The Eric Hosmer saga is finally over, but more details are emerging on just how negotiations went down in what has been a very odd off-season. According to FanRag reporter Jon Heyman, Hosmer received no offers at all until the first of the year, then received nearly identical offers from both the Padres and Royals within the same hour.
The San Diego Padres called with a $134 million, seven-year offer; the Kansas City Royals called with a $131 million, seven-year offer offer – though K.C.’s bid was contingent on ownership approval that never came.
While Padres owner Ron Fowler went public with his desire to bring Eric Hosmer to Kansas City, Royals owner David Glass got cold feet. Glass never authorized the large contract, and the Royals’ offer shrunk to five-years, $100 million, according to FanRag reporter Robert Murray. The Padres eventually signed Hosmer to a front-loaded eight-year, $144 million deal with an opt-out after five-years.
You might understand why David Glass was reluctant to go as high as a seven-year deal with Hosmer, considering how poorly the two biggest contracts in franchise history - given to Alex Gordon and Ian Kennedy - have fared so far. Long-term deals can be crippling for small-market clubs, hampering their payroll for years.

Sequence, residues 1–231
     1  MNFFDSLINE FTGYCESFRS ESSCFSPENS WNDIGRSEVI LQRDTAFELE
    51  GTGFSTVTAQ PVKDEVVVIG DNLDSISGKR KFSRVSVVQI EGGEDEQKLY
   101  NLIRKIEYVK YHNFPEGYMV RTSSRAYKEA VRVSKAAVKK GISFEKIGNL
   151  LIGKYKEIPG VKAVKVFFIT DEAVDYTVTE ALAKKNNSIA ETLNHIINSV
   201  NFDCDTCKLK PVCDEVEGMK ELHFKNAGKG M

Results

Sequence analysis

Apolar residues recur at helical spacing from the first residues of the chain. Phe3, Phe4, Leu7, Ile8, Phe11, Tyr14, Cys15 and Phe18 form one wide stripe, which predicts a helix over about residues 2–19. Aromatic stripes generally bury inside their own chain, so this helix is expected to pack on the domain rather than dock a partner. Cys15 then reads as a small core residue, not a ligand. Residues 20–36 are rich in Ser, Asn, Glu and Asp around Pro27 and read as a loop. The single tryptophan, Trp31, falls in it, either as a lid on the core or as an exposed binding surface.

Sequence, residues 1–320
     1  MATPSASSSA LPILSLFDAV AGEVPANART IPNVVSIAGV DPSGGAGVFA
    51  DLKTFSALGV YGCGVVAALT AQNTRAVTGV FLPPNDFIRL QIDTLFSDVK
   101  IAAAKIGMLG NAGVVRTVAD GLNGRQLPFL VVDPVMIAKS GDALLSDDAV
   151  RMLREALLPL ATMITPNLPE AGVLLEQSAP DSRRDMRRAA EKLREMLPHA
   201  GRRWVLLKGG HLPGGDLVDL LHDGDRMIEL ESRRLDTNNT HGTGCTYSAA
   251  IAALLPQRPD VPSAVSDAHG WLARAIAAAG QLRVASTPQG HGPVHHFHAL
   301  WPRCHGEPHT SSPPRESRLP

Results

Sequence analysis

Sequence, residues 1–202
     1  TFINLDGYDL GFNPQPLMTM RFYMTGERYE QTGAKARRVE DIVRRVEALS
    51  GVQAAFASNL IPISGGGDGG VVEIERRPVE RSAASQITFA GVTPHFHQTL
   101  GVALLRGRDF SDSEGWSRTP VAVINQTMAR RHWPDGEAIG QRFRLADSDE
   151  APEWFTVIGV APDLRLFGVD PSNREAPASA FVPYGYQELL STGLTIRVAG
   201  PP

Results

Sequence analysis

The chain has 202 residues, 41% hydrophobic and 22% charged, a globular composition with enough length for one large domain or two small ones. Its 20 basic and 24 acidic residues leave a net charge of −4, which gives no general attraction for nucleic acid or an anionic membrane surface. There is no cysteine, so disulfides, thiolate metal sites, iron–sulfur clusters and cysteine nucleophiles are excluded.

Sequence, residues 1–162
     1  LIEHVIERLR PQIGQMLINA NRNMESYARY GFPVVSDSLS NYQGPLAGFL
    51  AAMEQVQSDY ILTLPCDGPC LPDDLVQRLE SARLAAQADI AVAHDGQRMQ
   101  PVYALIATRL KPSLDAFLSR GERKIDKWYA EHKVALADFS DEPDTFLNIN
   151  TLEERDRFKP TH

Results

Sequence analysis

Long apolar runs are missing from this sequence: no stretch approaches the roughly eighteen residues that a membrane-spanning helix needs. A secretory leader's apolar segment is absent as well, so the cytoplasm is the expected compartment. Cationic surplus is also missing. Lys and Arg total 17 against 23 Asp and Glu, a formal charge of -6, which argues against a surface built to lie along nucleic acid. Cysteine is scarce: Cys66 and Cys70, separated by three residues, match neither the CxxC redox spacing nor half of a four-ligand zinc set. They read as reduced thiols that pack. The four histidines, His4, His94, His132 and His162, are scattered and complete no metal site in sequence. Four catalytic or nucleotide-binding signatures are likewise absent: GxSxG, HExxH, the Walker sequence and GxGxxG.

On the other hand, Hosmer is a much younger player than those free agents were when their deals were signed. The Royals have also been pretty flush with cash recently, from increased attendance in recent years, the sale of BAMTech that rewarded all owners with a $50 million payout, and the Royals are expected to land a much more lucrative television deal in the near future.
The fact Hosmer got two deals worth similar amounts in the same exact hour is a bit curious, and perhaps that will give the union more fodder in any accusations of collusion. Ultimately Hosmer landed a pretty lucrative deal, which weakens any such accusation, but teams are not allowed to “act in concert” with other teams in regards to negotiations, according to the terms of the Collective Bargaining Agreement.
Ultimately, the Royals’ initial offer to Hosmer would have fallen short of the winning bid regardless. Hopefully this is not an indication of disagreement between Glass and Moore on finances. It seems at the outset of every off-season, Moore says the club will cut payroll, but every spring he somehow manages to spend more than expected. But it is interesting to see how much Dayton Moore valued Hosmer and how badly he wanted to bring him back, even if ownership was much less certain.